Discovery (NASDAQ:DISCK) this week posted first-quarter earnings results that showed improved profitability in the U.S. market despite a steadily shrinking base of pay-TV subscribers. The network operator benefited from higher ratings in some of its biggest programs even as management continued to invest aggressively in on-demand, internet based offerings.

Here's a look at how the headline numbers compared to the prior year period:

 Metric

Q1 2017 Actuals

Q1 2016 Actuals

Change (YOY)

Revenue

$1.61 billion

$1.56 billion

3%

Net Income

$215 million

$263 million

(18%)

EPS

$0.37

$0.42

(12%)

Data source: Discovery's financial filings.

What happened this quarter?

Sales growth accelerated for the second straight quarter thanks to improved ratings that sent distribution fees higher even as advertising revenue held flat. Discovery's U.S. and international segments remained highly profitable, but losses tied to the company's solar investments pushed reported earnings lower.

A man watching TV.

Image source: Getty Images.

Here are the key highlights of the quarter:

  • U.S. network revenue, which accounts for roughly half of the business, rose 3% as higher distribution fees helped offset weak advertising growth. Ad sales ticked up by just 1%, which trailed HGTV owner Scripps Networks and its 5% increase. The segment logged lower expenses, though, and so profitability ticked up to 60% of sales from 59%.
  • Discovery's international division grew by 5%, but, after accounting for currency swings, expanded at a robust 8%. Rising affiliate rates connected to Discovery's sports content in Europe helped push distribution revenue up 9%. Advertising ticked lower by 1% due to currency exchange shifts and ratings challenges in the U.K. and Asia geographies. Profitability held steady at 26% of sales.
  • Discovery booked a $53 million loss on an equity investment. That loss, in addition to one-time restructuring and debt extinguishment charges, led to the 18% drop in earnings.
  • Adjusted earnings rose 4% after stripping out currency swings, to slightly trail adjusted revenue growth of 5%.
  • Free cash flow jumped to $208 million from $47 million thanks to a large increase in operating cash.

What management had to say

CEO David Zaslav credited the company's strong brand position for keeping results churning higher in the quarter. "Improved ratings across many of Discovery's key distinctive programs and brands, coupled with strong distribution growth, led to solid organic growth," he said in a press release.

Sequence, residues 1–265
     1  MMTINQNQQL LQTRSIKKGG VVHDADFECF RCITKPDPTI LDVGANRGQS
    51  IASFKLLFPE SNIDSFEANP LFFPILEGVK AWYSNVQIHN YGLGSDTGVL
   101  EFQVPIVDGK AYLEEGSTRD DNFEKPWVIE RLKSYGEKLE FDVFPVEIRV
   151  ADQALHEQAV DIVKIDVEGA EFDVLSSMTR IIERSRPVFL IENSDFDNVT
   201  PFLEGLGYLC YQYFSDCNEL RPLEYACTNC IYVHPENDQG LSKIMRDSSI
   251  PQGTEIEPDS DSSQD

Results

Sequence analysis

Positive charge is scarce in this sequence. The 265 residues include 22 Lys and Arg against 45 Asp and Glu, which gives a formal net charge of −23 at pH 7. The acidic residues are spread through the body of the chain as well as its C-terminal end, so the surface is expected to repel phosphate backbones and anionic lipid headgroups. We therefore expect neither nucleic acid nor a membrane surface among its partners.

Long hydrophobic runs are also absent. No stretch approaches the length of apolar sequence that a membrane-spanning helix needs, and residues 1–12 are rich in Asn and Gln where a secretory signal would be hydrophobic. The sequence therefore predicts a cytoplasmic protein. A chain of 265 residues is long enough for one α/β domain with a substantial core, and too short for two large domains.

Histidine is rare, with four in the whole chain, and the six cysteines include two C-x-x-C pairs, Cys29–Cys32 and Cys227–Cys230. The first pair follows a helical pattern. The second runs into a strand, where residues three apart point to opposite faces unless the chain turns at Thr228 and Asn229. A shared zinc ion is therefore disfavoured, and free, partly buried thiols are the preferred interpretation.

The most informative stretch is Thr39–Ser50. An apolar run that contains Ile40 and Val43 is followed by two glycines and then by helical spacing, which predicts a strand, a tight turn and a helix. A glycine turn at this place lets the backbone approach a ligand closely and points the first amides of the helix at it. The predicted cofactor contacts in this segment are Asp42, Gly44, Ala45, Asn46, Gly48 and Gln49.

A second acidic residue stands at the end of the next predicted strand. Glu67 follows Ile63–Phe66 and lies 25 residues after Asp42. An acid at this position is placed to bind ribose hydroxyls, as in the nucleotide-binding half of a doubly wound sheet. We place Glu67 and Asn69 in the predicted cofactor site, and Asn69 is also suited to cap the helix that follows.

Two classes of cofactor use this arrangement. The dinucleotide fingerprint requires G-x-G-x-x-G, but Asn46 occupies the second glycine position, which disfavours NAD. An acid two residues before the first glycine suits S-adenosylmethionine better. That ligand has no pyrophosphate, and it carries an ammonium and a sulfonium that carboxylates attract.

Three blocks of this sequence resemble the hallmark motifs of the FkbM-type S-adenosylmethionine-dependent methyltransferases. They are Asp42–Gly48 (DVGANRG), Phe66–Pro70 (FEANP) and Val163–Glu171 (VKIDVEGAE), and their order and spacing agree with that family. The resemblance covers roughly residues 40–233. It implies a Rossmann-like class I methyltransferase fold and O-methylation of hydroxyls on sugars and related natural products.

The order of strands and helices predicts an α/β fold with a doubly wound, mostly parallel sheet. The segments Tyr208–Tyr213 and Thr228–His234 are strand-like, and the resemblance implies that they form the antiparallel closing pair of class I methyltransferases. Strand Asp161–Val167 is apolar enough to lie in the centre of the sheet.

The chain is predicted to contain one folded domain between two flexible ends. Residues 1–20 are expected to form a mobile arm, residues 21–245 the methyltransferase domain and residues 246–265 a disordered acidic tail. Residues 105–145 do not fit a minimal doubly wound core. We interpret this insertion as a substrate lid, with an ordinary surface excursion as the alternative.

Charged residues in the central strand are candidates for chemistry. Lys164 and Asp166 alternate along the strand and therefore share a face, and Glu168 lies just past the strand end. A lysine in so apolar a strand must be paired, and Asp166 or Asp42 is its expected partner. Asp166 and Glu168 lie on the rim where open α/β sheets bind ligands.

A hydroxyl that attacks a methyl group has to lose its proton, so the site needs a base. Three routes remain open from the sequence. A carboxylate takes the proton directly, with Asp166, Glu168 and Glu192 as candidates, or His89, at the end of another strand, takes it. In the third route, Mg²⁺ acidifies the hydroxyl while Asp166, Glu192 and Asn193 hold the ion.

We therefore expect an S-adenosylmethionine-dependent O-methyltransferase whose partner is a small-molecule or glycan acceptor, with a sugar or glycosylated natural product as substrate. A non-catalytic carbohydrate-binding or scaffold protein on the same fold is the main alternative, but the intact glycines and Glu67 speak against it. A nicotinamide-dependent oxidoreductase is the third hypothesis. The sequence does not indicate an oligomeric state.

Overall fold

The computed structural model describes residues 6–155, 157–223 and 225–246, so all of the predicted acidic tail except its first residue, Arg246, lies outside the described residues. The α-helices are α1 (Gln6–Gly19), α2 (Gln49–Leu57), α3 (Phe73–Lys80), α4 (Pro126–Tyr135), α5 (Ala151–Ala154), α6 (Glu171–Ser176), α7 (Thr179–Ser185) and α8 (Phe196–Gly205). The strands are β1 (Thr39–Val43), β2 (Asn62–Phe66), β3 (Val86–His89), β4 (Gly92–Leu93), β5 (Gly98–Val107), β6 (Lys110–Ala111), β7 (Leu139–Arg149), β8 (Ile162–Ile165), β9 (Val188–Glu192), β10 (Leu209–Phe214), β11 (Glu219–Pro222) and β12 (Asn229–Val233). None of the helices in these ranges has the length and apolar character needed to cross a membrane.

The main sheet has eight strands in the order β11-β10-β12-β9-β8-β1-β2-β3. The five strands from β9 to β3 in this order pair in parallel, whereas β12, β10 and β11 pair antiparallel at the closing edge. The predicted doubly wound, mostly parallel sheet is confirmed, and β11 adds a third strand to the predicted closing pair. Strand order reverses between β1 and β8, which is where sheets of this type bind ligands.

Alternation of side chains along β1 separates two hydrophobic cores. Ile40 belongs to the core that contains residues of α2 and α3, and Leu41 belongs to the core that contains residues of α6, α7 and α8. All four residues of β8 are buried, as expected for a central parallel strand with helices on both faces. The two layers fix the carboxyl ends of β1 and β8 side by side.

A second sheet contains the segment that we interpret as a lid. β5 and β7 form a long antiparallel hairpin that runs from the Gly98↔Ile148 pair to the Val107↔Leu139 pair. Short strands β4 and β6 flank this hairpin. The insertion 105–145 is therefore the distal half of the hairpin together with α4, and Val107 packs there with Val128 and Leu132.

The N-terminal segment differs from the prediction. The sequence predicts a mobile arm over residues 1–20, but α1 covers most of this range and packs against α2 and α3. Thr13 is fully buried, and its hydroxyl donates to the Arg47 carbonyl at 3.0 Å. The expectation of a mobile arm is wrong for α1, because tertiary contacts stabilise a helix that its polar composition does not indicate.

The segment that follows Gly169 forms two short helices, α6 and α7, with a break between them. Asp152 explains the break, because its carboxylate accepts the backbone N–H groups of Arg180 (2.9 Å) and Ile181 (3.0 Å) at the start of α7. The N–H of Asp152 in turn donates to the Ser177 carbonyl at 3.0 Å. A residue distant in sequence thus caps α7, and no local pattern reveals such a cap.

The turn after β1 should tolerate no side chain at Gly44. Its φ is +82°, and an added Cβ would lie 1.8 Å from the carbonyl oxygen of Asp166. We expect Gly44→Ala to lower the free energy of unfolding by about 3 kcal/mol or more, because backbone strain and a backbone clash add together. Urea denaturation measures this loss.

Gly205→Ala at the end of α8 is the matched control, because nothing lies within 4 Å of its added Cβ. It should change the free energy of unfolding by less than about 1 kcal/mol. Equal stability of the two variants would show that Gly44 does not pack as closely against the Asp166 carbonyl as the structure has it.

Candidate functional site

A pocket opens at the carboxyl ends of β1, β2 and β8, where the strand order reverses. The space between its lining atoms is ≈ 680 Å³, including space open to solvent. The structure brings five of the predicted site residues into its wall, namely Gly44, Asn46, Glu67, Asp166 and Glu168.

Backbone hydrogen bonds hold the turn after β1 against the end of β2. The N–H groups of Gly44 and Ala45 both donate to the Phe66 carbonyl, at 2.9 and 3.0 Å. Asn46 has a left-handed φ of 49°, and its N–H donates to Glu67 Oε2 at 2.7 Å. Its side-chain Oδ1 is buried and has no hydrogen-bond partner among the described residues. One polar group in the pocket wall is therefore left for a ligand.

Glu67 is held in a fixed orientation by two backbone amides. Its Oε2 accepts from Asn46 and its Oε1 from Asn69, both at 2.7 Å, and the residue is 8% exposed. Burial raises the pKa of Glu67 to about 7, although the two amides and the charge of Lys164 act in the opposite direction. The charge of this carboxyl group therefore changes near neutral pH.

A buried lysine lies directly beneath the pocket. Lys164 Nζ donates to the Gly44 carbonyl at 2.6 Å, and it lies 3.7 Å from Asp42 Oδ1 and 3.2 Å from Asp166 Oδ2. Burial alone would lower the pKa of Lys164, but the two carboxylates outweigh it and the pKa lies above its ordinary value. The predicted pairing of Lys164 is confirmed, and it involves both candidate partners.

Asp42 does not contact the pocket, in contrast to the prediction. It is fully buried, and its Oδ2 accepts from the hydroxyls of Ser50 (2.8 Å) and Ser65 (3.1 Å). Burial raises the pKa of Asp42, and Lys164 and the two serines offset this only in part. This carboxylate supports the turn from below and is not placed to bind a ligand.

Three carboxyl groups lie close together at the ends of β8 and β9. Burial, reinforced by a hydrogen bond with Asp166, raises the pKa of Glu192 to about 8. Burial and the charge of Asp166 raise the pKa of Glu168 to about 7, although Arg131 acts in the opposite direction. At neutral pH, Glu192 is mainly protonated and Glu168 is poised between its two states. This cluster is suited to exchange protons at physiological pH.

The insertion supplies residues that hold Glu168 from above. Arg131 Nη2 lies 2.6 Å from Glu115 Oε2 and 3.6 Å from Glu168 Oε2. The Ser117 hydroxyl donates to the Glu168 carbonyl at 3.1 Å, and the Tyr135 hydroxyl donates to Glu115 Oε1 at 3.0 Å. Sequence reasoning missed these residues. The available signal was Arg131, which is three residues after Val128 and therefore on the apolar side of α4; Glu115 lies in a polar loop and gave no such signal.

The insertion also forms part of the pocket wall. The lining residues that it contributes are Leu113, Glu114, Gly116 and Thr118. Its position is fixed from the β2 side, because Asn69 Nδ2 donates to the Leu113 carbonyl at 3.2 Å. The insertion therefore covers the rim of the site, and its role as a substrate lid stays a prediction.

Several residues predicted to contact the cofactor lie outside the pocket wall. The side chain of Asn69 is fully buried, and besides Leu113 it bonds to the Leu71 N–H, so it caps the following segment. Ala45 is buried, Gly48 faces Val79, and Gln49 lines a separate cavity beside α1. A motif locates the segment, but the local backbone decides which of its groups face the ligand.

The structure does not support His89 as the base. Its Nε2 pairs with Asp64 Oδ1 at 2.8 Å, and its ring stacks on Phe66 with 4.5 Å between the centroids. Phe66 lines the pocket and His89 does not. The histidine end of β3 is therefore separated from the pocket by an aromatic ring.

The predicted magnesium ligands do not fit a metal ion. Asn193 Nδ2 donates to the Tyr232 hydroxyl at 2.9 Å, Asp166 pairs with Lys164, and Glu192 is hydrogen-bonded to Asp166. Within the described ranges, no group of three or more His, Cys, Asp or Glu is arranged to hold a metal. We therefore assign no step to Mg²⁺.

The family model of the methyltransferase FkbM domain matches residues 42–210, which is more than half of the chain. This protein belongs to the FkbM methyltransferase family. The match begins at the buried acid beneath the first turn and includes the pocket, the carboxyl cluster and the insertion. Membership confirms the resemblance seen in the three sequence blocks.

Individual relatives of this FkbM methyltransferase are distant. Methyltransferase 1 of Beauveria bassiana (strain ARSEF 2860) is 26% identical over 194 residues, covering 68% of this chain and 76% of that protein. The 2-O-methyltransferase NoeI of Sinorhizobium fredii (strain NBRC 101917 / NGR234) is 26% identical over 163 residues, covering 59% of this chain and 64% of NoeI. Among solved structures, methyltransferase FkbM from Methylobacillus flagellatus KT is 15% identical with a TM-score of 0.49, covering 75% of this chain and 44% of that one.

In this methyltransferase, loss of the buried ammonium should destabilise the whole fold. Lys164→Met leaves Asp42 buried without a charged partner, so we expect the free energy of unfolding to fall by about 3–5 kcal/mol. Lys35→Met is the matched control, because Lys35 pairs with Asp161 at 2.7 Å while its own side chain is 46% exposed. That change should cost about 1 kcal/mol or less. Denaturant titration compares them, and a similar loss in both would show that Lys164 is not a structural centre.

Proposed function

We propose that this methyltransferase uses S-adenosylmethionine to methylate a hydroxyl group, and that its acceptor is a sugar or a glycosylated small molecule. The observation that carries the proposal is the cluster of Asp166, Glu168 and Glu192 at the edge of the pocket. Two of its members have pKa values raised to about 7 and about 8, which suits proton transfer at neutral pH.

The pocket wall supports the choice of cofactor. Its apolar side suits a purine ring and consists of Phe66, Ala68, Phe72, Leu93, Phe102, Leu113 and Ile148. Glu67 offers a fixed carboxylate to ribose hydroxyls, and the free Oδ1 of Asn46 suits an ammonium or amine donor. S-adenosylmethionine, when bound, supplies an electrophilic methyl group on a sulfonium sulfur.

Meanwhile, management is exploring new distribution channels even as its core business generates steady profits. "Beyond our linear business," Zaslav explained, "we continue to focus on new strategic partnerships and investments to help drive our multiplatform growth strategy and ensure that we reach our global superfans on every screen."

Regarding the equity loss that produced a sharp drop in earnings, management explained that they expect the investment to generate positive net income for the full fiscal year.

Looking forward

With profitability rising in the U.S. market, these operating results add weight to management's prediction that the segment has a long runway for earnings and cash flow growth even as the pay-TV subscriber base shrinks. That said, volume declines are clearly making it difficult for Discovery to book increased advertising revenue.

Those weak industry conditions add pressure on the company to produce content that's highly engaging, attracts audiences across geographies, and translates profitably onto digital platforms. Recent hit series like Gold Rush and Diesel Brothers fit that bill, and Discovery is hoping properties like that keep it in its leadership position on cable while it targets faster growth internationally and on streaming video platforms.

Demitrios Kalogeropoulos has no position in any stocks mentioned. The Motley Fool owns shares of and recommends Discovery Communications. The Motley Fool recommends Scripps Networks Interactive. The Motley Fool has a disclosure policy.